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Feedback on hyphenation properties

From: Simon Fraser <smfr@me.com>
Date: Wed, 04 Aug 2010 13:49:11 -0700
Message-id: <EE8E0BC5-56D3-4748-A5ED-34F7C5926F3D@me.com>
To: "www-style@w3.org list" <www-style@w3.org>
We have reviewed the hyphenation-related properties in the GCPM module
<http://www.w3.org/TR/css3-gcpm/> and have the following feedback.

As noted in the Introduction, hyphenation should apply to media
other than "print", so the hyphenation-related properties should
move out of GCPM.

Property names

We are not keen on "hyphens" as a property name. This doesn't match
other CSS property names which are mostly descriptive. We suggest
"hyphenation" or "hyphenate" instead. Most word processing and
desktop publishing programs usually refer to this behavior as "hyphenation".

One thing to bear in mind is that if we want a shorthand property
in future, we may wish to reserve "hyphenation" or "hyphenate" for the
shorthand, and use "hyphenation-mode"/"hyphenate-mode" for the longhand.

Another consideration is whether hyphenation should be controlled by
a new value for the "word-break" property.

The property names "hyphenate-before" and "hyphenate-after" don't convey
their purpose very well. The naive reader may assume that they are used
to specify characters before/after which splitting is allowed.
They are really "keep at least N characters before/after the
hyphen", which suggest they should have "min" in their names.
Unfortunately no succinct alternatives spring to mind.

Do we really need both "hyphenate-before" and "hyphenate-after" properties,
or would a single "hyphenation-min-fragment-length" property suffice?

"hyphenate-lines" also doesn't convey its purpose very well. It's about
the maximum number of consecutive hyphenated lines. It's also odd to
have a "no-limit" value, rather than choosing a property name which
makes sense with a value of "none".

Finally "hyphenate-character" is odd in that the value takes a string,
not just a single character.

Hyphenation resources

We think the "hyphenate-resource" property is problematic for two reasons.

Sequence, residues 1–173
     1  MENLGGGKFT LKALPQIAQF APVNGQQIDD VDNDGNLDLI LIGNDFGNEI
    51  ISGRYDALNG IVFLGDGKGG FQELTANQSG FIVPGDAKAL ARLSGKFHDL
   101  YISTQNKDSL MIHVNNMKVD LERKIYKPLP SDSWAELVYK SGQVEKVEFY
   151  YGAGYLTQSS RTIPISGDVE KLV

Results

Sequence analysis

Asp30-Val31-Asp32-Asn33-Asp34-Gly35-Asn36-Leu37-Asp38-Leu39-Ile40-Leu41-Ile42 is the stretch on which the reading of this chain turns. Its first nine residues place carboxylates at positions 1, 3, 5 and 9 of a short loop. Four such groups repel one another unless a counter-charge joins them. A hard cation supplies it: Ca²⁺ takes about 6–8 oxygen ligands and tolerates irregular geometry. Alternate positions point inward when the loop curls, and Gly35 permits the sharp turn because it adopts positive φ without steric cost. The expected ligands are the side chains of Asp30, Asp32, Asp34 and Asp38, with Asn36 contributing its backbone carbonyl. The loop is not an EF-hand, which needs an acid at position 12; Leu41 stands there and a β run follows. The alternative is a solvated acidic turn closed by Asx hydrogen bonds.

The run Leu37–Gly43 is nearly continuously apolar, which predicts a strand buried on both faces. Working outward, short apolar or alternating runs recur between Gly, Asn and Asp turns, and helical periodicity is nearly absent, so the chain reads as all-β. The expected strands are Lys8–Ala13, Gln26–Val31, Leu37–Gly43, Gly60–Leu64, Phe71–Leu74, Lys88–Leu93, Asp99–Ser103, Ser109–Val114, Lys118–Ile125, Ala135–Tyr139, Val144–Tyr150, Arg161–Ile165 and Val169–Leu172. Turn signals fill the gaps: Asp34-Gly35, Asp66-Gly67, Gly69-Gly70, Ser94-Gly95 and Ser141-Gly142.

First, the dictionary format is unspecified and there is no "type" parameter
for the resource, so there's no information the UA can use to determine
the format. This is especially problematic if the UA relies on some
underlying infrastructure for word breaking, and needs to pass the resource
down to this infrastructure.

Secondly, simply supplying a list of resources to be checked in order
is problematic, because it may result in in appropriate hyphenation.
If no hyphenation opportunities are found for a given word in a given
language by consulting the first resource, then the algorithm suggests
checking the second resource, which may return a hyphenation opportunity.
However, it may do so for the wrong language.

Finally we think that doing language-sensitive hyphenation is hard
because most web content does not have the appropriate "lang" attributes.
We'd like to suggest a property that permits language-sensitive hyphenation,
namely "hyphenation-locale" (or "hyphenate-locale"), that an author can use
to inform the UA about what locale should be used for hyphenation:

hyphenation-locale: auto | string
where the string is a locale identifier.

If not auto, the value would override the language derived from any present
"lang" attributes.

Received on Wednesday, 4 August 2010 20:49:45 UTC

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